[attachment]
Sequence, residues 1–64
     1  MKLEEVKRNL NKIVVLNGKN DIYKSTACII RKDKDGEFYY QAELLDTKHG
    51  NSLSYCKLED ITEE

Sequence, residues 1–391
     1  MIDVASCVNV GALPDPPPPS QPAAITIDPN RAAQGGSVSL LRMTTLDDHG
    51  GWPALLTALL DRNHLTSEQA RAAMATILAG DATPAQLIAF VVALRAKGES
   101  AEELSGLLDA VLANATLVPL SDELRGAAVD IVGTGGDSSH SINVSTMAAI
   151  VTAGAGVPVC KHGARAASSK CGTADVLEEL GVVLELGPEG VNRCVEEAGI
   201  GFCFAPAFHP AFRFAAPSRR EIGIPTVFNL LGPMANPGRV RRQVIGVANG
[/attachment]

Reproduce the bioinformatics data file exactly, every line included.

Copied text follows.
Sequence, residues 1–64
     1  MKLEEVKRNL NKIVVLNGKN DIYKSTACII RKDKDGEFYY QAELLDTKHG
    51  NSLSYCKLED ITEE

Sequence, residues 1–391
     1  MIDVASCVNV GALPDPPPPS QPAAITIDPN RAAQGGSVSL LRMTTLDDHG
    51  GWPALLTALL DRNHLTSEQA RAAMATILAG DATPAQLIAF VVALRAKGES
   101  AEELSGLLDA VLANATLVPL SDELRGAAVD IVGTGGDSSH SINVSTMAAI
   151  VTAGAGVPVC KHGARAASSK CGTADVLEEL GVVLELGPEG VNRCVEEAGI
   201  GFCFAPAFHP AFRFAAPSRR EIGIPTVFNL LGPMANPGRV RRQVIGVANG